Yes, it is a GPL violation, and their reasoning that you have to sign up to receive it makes that not "distributing" is laughable at best. However, I don't think anyone should legally pursue this, as AnthraX only did this to protect against their own rights being violated (and not just in theory), and there are far better uses of funds/time/energy than going after a project like AnthraX.
          Up to copyright holder of Linux... Heh, they can go as high as terminate GPL license for Anthrax.

          Comment


          • #35
            Originally posted by nll_a View Post
            If I'm the copyright holder and someone is distributing binary forks of my code, of course I can enforce my copyright and demand GPL-compliance.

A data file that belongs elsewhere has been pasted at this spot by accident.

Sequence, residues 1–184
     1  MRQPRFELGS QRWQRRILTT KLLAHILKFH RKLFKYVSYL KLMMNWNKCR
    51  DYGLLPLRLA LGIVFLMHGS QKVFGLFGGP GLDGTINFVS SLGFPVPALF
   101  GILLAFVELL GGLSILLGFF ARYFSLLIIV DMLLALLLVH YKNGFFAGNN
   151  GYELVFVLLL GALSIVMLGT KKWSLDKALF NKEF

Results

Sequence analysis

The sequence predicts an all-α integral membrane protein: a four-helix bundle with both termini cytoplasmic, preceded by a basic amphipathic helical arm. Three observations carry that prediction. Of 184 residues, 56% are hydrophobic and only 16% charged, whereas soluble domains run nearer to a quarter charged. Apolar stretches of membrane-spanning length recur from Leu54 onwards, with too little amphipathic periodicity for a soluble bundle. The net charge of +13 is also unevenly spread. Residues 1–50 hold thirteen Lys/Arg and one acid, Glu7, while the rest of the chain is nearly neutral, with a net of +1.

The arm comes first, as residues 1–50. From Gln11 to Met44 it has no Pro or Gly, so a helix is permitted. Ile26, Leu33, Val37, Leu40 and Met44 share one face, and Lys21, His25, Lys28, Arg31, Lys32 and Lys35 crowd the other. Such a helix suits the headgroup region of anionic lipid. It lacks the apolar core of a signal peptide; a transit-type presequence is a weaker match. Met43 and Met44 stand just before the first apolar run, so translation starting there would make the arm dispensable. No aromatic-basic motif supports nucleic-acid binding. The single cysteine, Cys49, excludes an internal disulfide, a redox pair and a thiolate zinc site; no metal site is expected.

With GPL2 you may withdraw license from fork.
            With GPL3 you may not, but they have also no right to remove copyright from your code.
            But in both cases, they may refuse to provide you the binaries (and hence source). But if you find anyone distributing binaries and get it from him, then you can enforce him to give you source. This is how I understand it from GPL faq.

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            • #36
              Originally posted by brosis View Post
              I agree with OneTimeShot,
              GPL allows to charge for copies of software (binary or source),
              it obligates the distributor of the binaries to also provide source code,
              the source code purchase/transfer price may not be higher than that of binary form,